Understanding Recession, Inflation and Gross Domestic Product

As an investor, you might have come across economic terms like 'inflation' (CPI), 'gross domestic product' (GDP) and, more recently, 'recession'.

In a previous topic, we touched base on what inflation is. This is when the prices of products and services increase. The reasons for the price hikes may vary, from the supply or demand side.

Gross domestic product, or GDP, refers to the spending of government, business investments, net exports, and consumer spending locally. When inflation comes into play, the buying power of money is affected, pushing the cost of living up and bringing concerns about recession to investors and the global economy.

What is a recession?

In an economy where spending is rife, prices will rise. This hinders consumers' buying power and negatively affects GDP.

This is because when spending drops, money circulating becomes less over time and companies' earnings tend to decline. During this period, analysts may start downgrading their earnings per share (EPS) estimates for various companies.

For investors, such times bring about volatility, which may lead to a downturn in stocks as investors become more skeptical about future earnings.

Recession history

In the 1990s in the UK, the economy experienced what is referred to as a 'boom and bust' recession. During the boom period, interest rates tend to be low, while spending continues to rise – reaching a point of concern. Central banks may then hike interest rates, which reduces available money over the long term and makes it more expensive to borrow. This is referred to as the bust period.

A 'great recession', or 'balance sheet recession', happens when there's an increase in bad credit and a fall in asset prices. This may lead to a decline in investment spending. An example would be the global recession of 2008/09 after the credit crunch. 

Unlike a short-lived recession, which may last for only a few months, a great depression lasts much longer. This is when there's a global economic downturn that lasts for at least 10 years. An example of this would be the event that took place in the 1920s and 30s when the US stock market crashed on what has become known as Black Thursday. The ripple effect of the markets trickled down into the economy, causing banks to fail as they saw a rise in withdrawals. Because of the failure of the economy, the surviving institutions were unwilling to supply more money due to future uncertainties. Other factors were also in play, such as trade restrictions mixed with rising unemployment during the period. These factors had a snowball effect, causing the economy to go into a downward spiral.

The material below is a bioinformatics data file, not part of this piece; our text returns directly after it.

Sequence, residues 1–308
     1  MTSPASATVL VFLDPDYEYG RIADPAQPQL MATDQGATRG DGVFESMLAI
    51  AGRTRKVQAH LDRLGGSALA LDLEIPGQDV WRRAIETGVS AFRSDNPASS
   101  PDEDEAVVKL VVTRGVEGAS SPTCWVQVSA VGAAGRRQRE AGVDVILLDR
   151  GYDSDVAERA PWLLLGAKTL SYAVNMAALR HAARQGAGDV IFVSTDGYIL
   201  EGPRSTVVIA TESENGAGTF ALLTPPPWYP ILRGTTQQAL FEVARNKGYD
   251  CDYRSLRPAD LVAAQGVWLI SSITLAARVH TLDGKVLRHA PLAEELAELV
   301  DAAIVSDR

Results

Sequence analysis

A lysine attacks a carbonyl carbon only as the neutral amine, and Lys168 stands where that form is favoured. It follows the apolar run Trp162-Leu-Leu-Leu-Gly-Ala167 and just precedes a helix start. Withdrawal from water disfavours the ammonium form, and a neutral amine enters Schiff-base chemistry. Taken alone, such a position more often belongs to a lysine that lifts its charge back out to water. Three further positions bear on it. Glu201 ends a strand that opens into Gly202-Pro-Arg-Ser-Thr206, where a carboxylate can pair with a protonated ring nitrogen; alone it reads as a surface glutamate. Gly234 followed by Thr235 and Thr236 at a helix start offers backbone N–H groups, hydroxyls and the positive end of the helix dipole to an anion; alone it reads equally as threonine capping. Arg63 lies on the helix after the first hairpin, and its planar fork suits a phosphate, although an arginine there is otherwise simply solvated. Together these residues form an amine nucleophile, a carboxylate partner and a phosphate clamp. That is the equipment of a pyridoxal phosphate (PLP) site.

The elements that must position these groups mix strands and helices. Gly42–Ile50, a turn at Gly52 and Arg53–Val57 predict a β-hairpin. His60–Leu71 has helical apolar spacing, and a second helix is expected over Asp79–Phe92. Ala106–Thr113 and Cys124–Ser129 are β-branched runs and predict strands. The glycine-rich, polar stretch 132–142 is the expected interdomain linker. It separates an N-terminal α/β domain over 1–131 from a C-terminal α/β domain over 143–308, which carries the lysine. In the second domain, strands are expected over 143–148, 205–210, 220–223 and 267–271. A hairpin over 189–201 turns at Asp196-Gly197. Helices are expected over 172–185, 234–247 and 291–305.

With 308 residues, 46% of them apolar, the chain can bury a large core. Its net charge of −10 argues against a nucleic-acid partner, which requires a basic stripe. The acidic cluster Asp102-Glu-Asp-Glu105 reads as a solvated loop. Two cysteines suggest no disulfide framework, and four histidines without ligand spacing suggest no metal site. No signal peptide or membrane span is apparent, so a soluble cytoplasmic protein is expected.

In 2020, the globe experienced what could be referred to as a "pause" in economic activity due to the Covid-19 virus lockdowns and restrictions. In the US, this was declared a short recession. Fast forward to 2022, after soaring prices from the global dependence shift, the United States GDP was faced with a back-to-back decline, or what’s defined as a technical recession, fuelled by the high dollar and rising interest rates.

Is this a good time to buy?

With stocks, red doesn't always mean the end. When companies are in the red, this doesn't necessarily mean the company is closing down. During the period when a recession makes headlines, companies with pricing power may also find themselves in the crossfire of a rising cost of living and expectations of a decline in earnings. This may be an entry opportunity for new investors. It also gives investors who may have been invested for years the chance to safeguard their accumulated capital gains ahead of the uncertainties. Read more about companies with pricing power here.

“It's not about timing the market, but spending time in the market.”

When the period of earnings comes, investors are always ready to react, which may bring about a volatile environment. Companies that beat earnings tend to be "bullish", or move upwards, since this may also mean a higher chance for future dividends, where appropriate.

Companies that produce lower earnings during the earnings season may be faced with a sell-off as investors fear further declines. Contrary to the belief surrounding a sell-off, investors may stay optimistic depending on the fundamentals. These could indicate that the decline may be seasonal or part of a regular business cycle.

What are ‘business cycles’ and ‘seasonality’?

Seasonality refers to events that have a tendency to repeat themselves and which may affect earnings in a specific period of the year. An example would be retail and tourism stocks during the festive season when depending on how the company is positioned, it may benefit from high consumer spending. This, in turn, would result in higher earnings expectations. The business cycle, on the other hand, refers to the regular contraction or expansion of an economy, including employment and inflation numbers.

As the saying goes, "Storing your wealth only in money is not an option, since prices will always rise."

As time goes by and prices rise, there may come a time when people can't afford certain goods and services anymore and need the government to bring more money into the economy. While action by the government may reduce the value of existing money – because more money is available – this becomes another opportunity to cash in on earnings from stocks.

As an investor, think long-term. With the population growing, demand may also increase, and earnings may cash in, depending on how a company positions itself for today's generation and those to follow. And while the case may be that consumer spending has declined from a global perspective, the downtrend may present an entry opportunity when looking for long-term value.

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